A coworker recently asked if my fiancé and I exchanged Valentine gifts (I laughed). “Maybe a card or candy, but I’m pretty sure we didn’t even celebrate birthdays last month.” The overall response was, ‘OMG if my boyfriend ever!’ or, ‘He knows he better get me blah blah blah and blah blah blah.’ The conversation sat with me several days. I realized my relationship with my fiancé is a constant expression of affection (i.e. filling my gas tank at 6 o’clock in the morning so I can make it to work) not spending money on what society says we should give each other one day out of the year. True love is constant and really begins with an innate self-love, enough to be our own Valentine.
Sound feminist? Our country will drop $17.3 billion this Valentine’s Day with an average of half spending $133.91 on candy, cards, dinner and gifts while our divorce rate is about 50% the first time around 60–67% the second and almost 75% the third*. So what’s the real problem with relationships?
Most of us never really learn how to develop the single most important relationship we have, relationship with self. Growing up in a religious home, I was always taught JOY stands for Jesus, Others, You — last. Putting me first felt conceited and selfish, until quit recently.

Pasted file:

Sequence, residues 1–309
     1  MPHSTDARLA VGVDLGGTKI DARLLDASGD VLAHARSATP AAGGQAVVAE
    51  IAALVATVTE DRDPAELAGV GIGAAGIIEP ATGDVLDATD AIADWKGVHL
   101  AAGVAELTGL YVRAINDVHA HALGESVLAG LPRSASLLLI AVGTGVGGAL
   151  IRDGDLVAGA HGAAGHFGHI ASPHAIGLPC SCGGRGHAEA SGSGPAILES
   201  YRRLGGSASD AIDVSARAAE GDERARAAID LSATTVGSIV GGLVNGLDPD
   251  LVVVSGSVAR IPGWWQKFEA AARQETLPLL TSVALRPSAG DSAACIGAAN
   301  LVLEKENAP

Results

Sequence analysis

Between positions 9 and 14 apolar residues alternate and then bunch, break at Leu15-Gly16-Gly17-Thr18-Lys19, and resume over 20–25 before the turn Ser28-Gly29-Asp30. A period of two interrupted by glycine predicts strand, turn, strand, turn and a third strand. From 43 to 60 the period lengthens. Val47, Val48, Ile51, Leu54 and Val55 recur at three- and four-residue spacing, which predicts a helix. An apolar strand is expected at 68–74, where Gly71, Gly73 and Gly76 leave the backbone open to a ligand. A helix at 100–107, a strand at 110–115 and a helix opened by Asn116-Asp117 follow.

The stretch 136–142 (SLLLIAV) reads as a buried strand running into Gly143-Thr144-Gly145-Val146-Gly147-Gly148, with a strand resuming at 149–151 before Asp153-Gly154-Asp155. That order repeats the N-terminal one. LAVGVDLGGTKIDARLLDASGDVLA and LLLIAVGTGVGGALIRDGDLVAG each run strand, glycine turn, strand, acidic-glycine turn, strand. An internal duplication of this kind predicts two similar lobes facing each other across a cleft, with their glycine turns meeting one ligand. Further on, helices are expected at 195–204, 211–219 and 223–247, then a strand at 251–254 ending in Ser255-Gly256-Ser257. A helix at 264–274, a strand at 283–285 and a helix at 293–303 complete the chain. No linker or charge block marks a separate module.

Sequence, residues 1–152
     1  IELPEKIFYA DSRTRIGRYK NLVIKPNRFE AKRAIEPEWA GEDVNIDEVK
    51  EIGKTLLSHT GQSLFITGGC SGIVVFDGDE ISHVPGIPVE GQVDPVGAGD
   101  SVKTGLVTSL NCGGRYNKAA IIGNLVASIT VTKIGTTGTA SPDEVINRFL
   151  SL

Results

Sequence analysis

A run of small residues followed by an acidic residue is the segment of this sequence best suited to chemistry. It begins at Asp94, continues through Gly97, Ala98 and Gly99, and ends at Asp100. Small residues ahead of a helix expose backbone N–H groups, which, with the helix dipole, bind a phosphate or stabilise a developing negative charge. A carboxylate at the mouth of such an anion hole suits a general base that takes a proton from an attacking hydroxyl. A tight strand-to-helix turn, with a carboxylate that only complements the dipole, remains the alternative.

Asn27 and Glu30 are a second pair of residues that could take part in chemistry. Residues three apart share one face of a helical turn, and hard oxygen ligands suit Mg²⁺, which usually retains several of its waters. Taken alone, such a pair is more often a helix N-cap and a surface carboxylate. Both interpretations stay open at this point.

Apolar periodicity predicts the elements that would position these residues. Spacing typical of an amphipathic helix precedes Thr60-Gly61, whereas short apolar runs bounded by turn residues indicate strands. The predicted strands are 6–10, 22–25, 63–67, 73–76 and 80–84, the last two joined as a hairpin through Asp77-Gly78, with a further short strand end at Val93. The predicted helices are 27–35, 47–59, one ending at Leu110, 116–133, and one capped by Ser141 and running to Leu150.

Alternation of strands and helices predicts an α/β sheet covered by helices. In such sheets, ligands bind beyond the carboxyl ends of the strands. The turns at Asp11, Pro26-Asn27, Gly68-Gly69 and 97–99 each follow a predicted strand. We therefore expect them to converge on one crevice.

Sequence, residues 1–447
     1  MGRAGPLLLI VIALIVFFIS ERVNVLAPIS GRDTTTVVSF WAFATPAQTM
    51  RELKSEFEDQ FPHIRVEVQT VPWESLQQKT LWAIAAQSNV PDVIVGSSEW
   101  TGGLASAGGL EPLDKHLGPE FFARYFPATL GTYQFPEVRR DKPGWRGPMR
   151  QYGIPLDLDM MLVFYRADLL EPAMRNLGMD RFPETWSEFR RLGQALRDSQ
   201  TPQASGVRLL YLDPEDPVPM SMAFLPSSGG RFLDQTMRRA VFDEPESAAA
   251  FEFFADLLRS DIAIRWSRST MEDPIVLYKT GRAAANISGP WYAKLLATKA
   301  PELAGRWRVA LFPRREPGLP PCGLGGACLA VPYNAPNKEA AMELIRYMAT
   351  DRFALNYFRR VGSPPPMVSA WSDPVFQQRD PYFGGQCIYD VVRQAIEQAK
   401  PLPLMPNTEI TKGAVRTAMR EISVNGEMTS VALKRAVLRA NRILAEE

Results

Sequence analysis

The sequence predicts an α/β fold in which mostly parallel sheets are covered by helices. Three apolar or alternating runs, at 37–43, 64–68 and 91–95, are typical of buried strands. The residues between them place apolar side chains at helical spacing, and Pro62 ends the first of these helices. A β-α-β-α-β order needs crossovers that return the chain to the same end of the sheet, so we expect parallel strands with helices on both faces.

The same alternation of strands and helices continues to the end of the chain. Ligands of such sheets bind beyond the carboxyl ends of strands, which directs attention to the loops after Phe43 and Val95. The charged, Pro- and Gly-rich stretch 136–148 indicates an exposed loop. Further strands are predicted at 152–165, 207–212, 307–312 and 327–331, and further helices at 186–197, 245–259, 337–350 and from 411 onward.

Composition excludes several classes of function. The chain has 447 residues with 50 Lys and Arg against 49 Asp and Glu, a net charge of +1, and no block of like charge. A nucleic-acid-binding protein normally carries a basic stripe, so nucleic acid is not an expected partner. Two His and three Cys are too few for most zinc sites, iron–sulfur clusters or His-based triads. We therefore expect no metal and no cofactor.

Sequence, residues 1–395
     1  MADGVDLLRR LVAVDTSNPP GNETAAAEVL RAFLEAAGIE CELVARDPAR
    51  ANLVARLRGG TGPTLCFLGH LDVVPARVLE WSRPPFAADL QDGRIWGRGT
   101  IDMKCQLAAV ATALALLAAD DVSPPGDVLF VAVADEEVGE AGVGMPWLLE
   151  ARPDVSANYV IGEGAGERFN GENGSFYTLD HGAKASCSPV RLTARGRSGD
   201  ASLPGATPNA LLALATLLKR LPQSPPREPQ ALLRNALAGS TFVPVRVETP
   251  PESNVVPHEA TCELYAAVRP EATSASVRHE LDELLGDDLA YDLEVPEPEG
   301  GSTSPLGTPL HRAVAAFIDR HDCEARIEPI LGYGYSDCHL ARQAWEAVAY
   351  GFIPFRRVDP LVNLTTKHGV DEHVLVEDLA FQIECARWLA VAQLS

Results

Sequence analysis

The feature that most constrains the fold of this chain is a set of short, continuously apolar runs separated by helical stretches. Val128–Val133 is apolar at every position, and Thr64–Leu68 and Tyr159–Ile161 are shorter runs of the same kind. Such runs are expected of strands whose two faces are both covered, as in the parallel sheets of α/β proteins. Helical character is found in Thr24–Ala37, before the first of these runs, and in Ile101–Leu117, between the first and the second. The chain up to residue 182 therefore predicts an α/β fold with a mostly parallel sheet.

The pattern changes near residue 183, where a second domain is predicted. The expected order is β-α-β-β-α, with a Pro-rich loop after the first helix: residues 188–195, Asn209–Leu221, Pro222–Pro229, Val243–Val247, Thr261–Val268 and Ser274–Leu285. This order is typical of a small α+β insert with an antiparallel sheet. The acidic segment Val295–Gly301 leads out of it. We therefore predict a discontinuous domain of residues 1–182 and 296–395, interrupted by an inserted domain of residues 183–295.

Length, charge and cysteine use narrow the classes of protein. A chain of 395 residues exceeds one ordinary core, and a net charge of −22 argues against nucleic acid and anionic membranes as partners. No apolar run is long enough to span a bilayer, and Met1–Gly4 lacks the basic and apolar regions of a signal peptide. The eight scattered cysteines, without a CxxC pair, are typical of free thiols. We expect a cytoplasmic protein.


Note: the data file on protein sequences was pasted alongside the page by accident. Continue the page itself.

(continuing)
See the last three months I invested in myself. I listened to much advice from successful business men and women I follow and found a life coach (stay with me, I was skeptical too!) In order to grow, really excel in whatever it is that sparks a fire in you, you must invest time, energy, and yes sometimes even money to get where you want to be.
After an extremely bad reaction to an allergy shot this weekend, piercing ear drums and a throat that felt like a cat was climbing up and down, I took a week off my normal exercise routine and vegged out! In years prior I would have obsessed compulsively over not doing something physical — combined feelings of bloat, setback, and depression taking over. This time was different. I took a warm bath, made myself some tea, ate whatever I wanted, and just breathed. One of the biggest lessons learned from Asha, my mentor, was the extreme importance of self-care.
So many women put themselves at the bottom of their to-do list. This Valentine’s Day, and every day from now on, I encourage you to have compassion for yourself. Love yourself first. Buy flowers. Enjoy a glass of wine (or tea). Take the night off! It’s no coincidence flight attendants instruct us to secure our own oxygen mask prior to anyone else. If you want a lot out of your body, you have to give your body a lot. A lot. So stop shortchanging yourself and in turn everyone else around you. Start investing in your most important relationship, yourself. And hey, go easy on you!